Author: Cherie Priest
Publisher: Tor Books
Publication Date: September 2009
Paperback: 416 pages
Stand alone or series: Book 1 in the Clockwork Century series
In the early days of the Civil War, rumors of gold in the frozen Klondike brought hordes of newcomers to the Pacific Northwest. Anxious to compete, Russian prospectors commissioned inventor Leviticus Blue to create a great machine that could mine through Alaska’s ice. Thus was Dr. Blue’s Incredible Bone-Shaking Drill Engine born.
But on its first test run the Boneshaker went terribly awry, destroying several blocks of downtown Seattle and unearthing a subterranean vein of blight gas that turned anyone who breathed it into the living dead.
Now it is sixteen years later, and a wall has been built to enclose the devastated and toxic city. Just beyond it lives Blue’s widow, Briar Wilkes. Life is hard with a ruined reputation and a teenaged boy to support, but she and Ezekiel are managing. Until Ezekiel undertakes a secret crusade to rewrite history.
His quest will take him under the wall and into a city teeming with ravenous undead, air pirates, criminal overlords, and heavily armed refugees. And only Briar can bring him out alive.
How did we get this book: We bought our copies
Why did we read this book: It’s Steampunk week and Boneshaker has been praised to the skies by Steampunkers, reviewers and recently even made into Library Journal’s list of “Core” Steampunk titles.
Ana: Boneshaker is another book I had been looking forward to reading for a long time and holding off to until we had our Steampunk Week. Given the amount of praise it received, the fact that very recently it made into Library Journal’s list of core Steampunk titles and the fact that Cherie Priest seems to really know what she is talking about, I had great expectations about the book. And they were sort of met, as overall the book proved to be a solid read. I liked most specially its sympathetic duo of mother-son protagonists, the lovely writing, and the setting (an alternate 19th century Seattle). Plus, Zombies and Pirates = fun! However, upon reflection, the very premise of the book did not hold to close scrutiny and ironically, that includes the very Steampunk nature of the story.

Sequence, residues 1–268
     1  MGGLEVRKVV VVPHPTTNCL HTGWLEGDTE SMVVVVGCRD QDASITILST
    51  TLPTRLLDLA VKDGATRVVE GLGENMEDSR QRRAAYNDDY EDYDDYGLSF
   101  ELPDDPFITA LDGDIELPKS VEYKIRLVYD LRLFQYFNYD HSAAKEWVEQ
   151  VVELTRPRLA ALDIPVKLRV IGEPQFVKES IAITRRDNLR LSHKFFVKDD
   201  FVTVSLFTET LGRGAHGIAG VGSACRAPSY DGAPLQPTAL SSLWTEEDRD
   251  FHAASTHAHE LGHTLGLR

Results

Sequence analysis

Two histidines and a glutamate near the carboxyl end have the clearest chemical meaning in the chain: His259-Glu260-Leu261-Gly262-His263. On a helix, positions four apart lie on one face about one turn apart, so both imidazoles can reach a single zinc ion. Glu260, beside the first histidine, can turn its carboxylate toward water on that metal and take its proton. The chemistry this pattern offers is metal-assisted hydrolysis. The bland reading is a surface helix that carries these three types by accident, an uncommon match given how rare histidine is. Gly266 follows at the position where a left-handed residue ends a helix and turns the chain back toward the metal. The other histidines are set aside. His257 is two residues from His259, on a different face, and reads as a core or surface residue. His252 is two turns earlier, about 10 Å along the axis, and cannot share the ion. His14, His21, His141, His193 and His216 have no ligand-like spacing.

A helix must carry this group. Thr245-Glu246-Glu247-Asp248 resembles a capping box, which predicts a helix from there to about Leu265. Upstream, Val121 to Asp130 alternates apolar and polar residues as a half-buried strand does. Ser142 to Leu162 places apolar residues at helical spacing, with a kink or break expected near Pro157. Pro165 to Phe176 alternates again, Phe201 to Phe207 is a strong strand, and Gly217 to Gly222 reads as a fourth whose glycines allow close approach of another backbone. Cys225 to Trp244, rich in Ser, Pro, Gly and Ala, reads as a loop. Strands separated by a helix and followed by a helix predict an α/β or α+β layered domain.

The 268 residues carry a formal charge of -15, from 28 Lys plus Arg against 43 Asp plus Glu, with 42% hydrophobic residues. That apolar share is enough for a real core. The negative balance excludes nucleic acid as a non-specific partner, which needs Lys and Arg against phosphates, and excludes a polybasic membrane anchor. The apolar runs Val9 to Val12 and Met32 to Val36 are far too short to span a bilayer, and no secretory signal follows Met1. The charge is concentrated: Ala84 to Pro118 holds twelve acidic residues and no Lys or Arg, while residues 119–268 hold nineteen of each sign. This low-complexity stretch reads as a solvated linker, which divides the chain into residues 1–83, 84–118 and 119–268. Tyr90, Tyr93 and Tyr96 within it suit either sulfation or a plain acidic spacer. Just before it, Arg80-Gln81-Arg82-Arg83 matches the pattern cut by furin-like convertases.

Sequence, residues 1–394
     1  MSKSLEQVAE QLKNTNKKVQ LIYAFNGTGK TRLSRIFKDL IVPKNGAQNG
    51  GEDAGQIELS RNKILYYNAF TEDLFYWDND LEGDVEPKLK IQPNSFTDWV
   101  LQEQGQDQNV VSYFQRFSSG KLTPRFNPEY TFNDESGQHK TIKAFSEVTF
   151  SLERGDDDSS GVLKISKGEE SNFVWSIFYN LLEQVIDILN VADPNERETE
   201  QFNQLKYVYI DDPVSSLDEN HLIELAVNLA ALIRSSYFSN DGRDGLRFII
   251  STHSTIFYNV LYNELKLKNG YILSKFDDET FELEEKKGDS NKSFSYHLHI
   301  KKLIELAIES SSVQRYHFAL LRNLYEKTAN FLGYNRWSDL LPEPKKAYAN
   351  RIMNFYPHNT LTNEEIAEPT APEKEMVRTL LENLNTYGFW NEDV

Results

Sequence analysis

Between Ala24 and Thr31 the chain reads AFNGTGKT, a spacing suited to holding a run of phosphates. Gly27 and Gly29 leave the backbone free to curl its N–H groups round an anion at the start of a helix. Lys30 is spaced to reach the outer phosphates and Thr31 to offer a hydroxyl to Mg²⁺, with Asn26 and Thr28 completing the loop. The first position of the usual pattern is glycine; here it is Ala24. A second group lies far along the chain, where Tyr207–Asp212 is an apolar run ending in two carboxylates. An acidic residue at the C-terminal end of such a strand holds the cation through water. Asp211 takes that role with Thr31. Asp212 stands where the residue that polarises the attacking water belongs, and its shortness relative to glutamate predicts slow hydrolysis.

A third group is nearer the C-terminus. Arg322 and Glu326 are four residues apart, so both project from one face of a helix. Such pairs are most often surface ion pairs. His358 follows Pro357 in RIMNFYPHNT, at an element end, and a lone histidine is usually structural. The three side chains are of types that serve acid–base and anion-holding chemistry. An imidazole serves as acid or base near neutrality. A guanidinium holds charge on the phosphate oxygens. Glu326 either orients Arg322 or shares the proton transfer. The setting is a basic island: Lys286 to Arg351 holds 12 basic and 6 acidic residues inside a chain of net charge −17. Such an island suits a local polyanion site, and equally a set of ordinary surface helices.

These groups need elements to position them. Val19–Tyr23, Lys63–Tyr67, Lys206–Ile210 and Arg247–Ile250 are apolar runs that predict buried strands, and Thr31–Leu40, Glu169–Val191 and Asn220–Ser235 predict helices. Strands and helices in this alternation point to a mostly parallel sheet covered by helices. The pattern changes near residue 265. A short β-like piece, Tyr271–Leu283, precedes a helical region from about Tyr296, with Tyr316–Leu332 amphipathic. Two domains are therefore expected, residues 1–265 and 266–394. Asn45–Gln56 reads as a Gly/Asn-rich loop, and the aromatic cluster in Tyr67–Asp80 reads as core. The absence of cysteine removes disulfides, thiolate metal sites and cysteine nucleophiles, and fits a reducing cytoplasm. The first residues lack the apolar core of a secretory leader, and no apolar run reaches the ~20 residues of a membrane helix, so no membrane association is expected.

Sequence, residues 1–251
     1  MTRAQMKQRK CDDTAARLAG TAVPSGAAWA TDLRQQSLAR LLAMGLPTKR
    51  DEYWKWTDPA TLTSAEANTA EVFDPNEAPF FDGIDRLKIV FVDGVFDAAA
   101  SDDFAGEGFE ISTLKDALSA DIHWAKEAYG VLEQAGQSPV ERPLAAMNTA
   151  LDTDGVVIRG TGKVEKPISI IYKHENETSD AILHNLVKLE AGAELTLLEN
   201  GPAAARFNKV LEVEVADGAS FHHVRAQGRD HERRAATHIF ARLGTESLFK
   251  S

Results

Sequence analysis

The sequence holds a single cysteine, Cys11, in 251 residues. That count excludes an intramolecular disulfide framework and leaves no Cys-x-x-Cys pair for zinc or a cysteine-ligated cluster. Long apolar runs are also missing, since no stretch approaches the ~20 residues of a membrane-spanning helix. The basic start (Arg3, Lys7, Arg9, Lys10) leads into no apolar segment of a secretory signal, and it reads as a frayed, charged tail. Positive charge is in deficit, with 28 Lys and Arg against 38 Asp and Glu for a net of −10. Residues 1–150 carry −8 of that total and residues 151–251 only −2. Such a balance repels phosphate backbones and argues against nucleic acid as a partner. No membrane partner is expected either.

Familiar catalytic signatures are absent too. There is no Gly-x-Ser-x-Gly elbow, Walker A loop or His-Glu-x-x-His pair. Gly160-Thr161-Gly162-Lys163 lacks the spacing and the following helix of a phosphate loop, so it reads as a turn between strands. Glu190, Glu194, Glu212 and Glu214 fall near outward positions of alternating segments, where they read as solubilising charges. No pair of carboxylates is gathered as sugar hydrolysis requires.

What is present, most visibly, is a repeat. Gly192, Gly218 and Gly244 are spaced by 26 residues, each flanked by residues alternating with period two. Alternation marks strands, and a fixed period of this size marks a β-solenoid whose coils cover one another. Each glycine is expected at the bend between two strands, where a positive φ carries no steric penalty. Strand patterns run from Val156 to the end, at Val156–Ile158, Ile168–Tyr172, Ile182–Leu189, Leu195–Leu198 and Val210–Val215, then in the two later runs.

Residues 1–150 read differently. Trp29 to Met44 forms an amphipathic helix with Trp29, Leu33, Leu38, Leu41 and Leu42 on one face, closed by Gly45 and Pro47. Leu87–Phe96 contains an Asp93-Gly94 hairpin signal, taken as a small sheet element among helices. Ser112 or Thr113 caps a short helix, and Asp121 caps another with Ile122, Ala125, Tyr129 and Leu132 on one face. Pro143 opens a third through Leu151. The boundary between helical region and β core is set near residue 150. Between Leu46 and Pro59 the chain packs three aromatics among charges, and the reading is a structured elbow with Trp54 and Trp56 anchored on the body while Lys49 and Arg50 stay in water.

Thea: I have to agree wholeheartedly with Ana on this one. I was ecstatic with Boneshaker‘s unique premise – Civil War Era Steampunk Zombies! Hiyo! Sign me up!
And…well, Boneshaker is a bit of a mixed bag. The premise is wonderfully imaginative, but, as Ana says, kind of implodes on itself when subjected to any level of scrutiny. This history is a mess as is the actual source of the zombification of Seattle’s inhabitants – and I’m not exactly sure I’d label this as a true work of Steampunk. That said, I enjoyed the overall story and the horror aspects of the book, and certainly read it eagerly enough, which counts for a lot.
On the Plot:
Ana: It’s the 1880s, and the United States is still plagued by the legacy of the Civil War. In Seattle it has been 16 years since the eccentric scientist Leviticus Blue built his Boneshaker, a tunnelling machine built to drill through the ice fields of Alaska. The machine went berserk in the middle of the town basically destroying it all and in the process hitting the underground reserves of a mysterious gas – the Blight – which, if inhaled, turns people into Zombies. The inhabitants of the town fled, authorities built a huge wall which has been keeping the gas and the zombies (or “rotters”) in.